As could be expected, I have received a wide array of views on this proposal. Submissions from local authorities were generally supportive, with councils keen to obtain clear guidance on the consideration of social and economic matters. Others, particularly those from the NGO community, sought to remove economic considerations, but argued that consideration of social values be retained. Business views were somewhat split. Clearly some sought to retain in the armoury the ability to object on economic grounds. NGOs and business interests were unlikely allies in their opposition to the removal of economic and social matters. This merely confirmed to me that social and economic matters muddy the waters to such a degree that they indeed should be removed. I continue to support a clear bio-physical focus to the definition and will accept the Ministry's advice that we should proceed with the Amendment as proposed.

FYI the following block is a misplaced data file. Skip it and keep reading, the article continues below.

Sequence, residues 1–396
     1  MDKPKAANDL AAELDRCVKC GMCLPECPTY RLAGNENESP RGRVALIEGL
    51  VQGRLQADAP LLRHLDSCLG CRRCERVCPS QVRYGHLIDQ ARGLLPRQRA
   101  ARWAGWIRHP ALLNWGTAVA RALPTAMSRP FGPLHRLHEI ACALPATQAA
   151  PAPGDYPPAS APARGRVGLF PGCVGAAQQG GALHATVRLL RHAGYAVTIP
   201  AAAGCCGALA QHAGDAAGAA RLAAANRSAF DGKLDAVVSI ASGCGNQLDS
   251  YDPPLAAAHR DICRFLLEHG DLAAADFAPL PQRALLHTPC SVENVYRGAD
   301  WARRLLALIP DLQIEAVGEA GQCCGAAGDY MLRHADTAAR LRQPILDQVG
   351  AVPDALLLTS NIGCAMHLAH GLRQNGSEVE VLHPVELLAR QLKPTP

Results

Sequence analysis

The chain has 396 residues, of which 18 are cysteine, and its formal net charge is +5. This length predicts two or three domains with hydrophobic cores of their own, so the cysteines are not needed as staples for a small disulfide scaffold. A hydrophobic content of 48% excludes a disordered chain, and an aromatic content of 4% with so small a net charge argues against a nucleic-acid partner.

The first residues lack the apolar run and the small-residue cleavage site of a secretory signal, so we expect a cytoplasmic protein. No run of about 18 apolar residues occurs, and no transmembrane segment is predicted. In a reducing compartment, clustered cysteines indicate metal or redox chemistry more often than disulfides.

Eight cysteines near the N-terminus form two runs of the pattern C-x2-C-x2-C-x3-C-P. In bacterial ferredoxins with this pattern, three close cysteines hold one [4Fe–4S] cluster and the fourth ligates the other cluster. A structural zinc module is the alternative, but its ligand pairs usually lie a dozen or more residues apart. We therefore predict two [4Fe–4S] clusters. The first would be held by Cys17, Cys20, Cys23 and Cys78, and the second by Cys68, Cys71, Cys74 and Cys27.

The other pertinent amendment relates to the future of the Fourth Schedule to the Act and section 88. As you all know, the Fourth Schedule currently deals with the scope and content of AEE documents. The Fourth Schedule sets out what should be included in and considered when preparing an assessment of environmental effects as a part of a resource consent application. Section 88 of the Act requires such an assessment to accompany applications for resource consent. Two possible amendments are currently being investigated to the Fourth Schedule and consequently to section 88 of the RMA.